First, are those really the options for Christians–whether one has heterosexual attractions or same-sex attractions? Is fulfilling the desire for a family through marriage and having children the key to happiness, and not to have it is to live a lonely life? What then am I to tell the heterosexual singles who come to me for counsel, expressing the same sorrow as Matthew? Do I just comfort them with the acknowledgement that theirs is a lonely life? That they must simply look at it as a cross to bear, maybe for the rest of their life if they never marry?

Or should I lead them to the love that they may claim which is infinitely more superior than that of sexual love? Because, after all, it does boil down to sex. Why should a single person not become part of a family? We have a friend who is a single woman who adopted a son. She also has biological family, as well as friends who are closer than family. (There is a friend who sticks closer than a brother, Proverbs 18:24). I don’t think she considers her life a cross to bear. I think that she has taken the love of Christ shown to her and let it flow out so that her life is enriching both to herself and to others.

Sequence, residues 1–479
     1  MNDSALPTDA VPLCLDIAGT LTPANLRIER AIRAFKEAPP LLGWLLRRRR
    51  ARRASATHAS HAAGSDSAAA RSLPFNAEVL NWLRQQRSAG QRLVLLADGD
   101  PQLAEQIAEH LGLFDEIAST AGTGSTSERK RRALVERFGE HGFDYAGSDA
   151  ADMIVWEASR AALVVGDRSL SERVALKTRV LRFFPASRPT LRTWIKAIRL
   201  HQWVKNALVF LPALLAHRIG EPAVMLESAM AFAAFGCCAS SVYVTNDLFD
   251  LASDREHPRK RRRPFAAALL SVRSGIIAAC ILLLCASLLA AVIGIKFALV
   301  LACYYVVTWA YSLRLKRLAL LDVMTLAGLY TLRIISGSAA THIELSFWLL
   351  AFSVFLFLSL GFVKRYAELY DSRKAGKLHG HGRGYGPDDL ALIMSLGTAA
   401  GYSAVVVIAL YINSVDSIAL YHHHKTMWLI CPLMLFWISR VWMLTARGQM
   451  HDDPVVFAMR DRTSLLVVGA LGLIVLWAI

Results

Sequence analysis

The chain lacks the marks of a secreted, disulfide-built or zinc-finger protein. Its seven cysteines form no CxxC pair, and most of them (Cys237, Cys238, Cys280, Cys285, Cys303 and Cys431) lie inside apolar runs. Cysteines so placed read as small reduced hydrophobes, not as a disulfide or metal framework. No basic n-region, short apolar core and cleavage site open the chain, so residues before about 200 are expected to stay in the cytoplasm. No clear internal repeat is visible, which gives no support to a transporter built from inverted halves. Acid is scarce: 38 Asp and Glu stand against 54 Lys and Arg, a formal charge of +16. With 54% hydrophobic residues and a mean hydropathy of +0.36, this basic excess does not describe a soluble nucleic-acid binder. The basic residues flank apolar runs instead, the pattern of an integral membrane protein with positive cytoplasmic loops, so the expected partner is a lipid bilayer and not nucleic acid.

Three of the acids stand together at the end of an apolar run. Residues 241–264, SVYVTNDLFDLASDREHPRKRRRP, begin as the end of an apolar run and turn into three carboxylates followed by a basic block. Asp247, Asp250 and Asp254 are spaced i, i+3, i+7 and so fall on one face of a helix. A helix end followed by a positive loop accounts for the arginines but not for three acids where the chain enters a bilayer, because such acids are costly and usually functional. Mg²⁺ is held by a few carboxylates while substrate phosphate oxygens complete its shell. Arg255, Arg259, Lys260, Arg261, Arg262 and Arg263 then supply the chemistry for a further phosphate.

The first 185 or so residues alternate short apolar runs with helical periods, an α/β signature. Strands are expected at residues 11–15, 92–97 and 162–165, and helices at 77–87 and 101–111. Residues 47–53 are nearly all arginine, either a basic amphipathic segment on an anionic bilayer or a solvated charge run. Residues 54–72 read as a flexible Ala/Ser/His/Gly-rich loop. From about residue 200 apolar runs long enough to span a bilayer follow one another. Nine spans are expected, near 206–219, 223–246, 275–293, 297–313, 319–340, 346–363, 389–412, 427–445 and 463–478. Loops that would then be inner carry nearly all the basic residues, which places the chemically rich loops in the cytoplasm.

That is what happens for a Christian who looks to the cross. She doesn’t focus on what she doesn’t have. She is moved to see the glorious blessings she does possess and then focuses on how she will honor the one who died for her. She wanted a family. No one proposed. So she made a family in a godly way. The only thing that she has denies herself is sex. For, again, that is the only thing that differentiates romantic love and companion love–sexual passion. What every married couple knows is that what takes over a marriage through the years is companionship. Sexual satisfaction is an aspect, but only an aspect–not the core of the marital relationship.

The cross to bear for the single Christian, whatever their sexual attractions may be, is not denial of family or companionship, but sex. It is a hard cross to bear, no doubt. But don’t take it beyond what it is. It is the world, not God, that has turned sex into the all-important fulfillment of life.